• The interface is extremely irritating. Too many button pushes to switch between things. There is a github project out there that allows you to swap several buttons for an encoder.
  • This is a 1 channel scope... with limited triggering options. That same github project allows you to vastly expand the capabilities of the DSO138 by adding a second input channel. (This will obviously involve extra circuit components)
  • I highly recommend putting this thing in a metal box (or a foil-lined plastic-box). Most of the ICs on the board are op-amps, and the long input lines work as receiving antennae for random EM signals in your lab.

(The expanded capability firmware, that will also help give you an idea of what is needed for your own firmware can be found here: https://github.com/ardyesp/DLO-138)

"A resistor makes a lightbulb and a capacitor makes an explosion when connected wrong"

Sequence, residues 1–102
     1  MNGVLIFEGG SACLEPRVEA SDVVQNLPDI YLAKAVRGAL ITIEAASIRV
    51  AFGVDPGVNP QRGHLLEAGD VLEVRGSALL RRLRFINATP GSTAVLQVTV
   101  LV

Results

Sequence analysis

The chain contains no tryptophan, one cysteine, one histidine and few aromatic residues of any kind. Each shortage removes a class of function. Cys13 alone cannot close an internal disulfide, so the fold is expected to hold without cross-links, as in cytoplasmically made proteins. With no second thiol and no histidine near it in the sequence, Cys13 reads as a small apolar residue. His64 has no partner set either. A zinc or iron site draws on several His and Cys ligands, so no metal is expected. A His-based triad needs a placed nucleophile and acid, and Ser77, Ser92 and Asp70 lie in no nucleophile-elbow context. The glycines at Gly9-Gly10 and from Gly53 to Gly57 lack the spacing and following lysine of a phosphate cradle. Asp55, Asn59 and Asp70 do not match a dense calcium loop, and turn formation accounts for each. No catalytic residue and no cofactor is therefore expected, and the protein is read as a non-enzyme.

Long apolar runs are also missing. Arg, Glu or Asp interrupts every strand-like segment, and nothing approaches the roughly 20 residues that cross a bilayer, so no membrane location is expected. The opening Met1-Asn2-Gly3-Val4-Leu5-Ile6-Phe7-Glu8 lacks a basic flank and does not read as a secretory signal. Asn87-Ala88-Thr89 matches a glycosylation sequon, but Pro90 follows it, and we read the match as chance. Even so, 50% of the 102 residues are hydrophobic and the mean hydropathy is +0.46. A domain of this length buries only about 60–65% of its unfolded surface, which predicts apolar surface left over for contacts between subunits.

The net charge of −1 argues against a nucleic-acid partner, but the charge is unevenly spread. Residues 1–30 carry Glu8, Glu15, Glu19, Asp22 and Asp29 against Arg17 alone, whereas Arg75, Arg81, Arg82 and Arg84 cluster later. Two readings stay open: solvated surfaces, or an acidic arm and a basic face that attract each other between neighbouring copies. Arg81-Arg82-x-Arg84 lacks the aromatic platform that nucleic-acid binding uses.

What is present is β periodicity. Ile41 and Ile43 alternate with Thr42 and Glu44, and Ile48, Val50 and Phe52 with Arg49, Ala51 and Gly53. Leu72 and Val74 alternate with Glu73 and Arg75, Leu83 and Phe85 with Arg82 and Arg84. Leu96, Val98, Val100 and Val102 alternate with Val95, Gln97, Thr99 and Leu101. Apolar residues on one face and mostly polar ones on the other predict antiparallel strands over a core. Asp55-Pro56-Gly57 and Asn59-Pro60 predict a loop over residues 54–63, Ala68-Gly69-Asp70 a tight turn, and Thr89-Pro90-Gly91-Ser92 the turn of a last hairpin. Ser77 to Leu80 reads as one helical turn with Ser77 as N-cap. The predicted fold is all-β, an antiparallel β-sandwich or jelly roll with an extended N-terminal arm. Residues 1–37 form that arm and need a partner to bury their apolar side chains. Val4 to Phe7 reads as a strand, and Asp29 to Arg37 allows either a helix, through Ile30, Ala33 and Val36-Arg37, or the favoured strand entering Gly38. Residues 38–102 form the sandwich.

"There are two types of electrical engineers, those intentionally making antennas and those accidentally doing so."


   
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Danman
(@danman)
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Joined: 8 months ago
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There one that the on YouTube 

Call" the Gadgets"

Give all the info how make one

It Gadgets#62

 

 

 

 

 


   
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stevenr8062
(@stevenr8062)
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Joined: 8 months ago
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If you have an old computer or have one on your bench try... 

 

https://www.amazon.com/Hantek-HT6022BE20Mhz-Digital-Oscilloscope-Bandwidth/dp/B009H4AYII

 

A little googling I believe you will find many custom application already written that should be fast enough.


   
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stevenr8062
(@stevenr8062)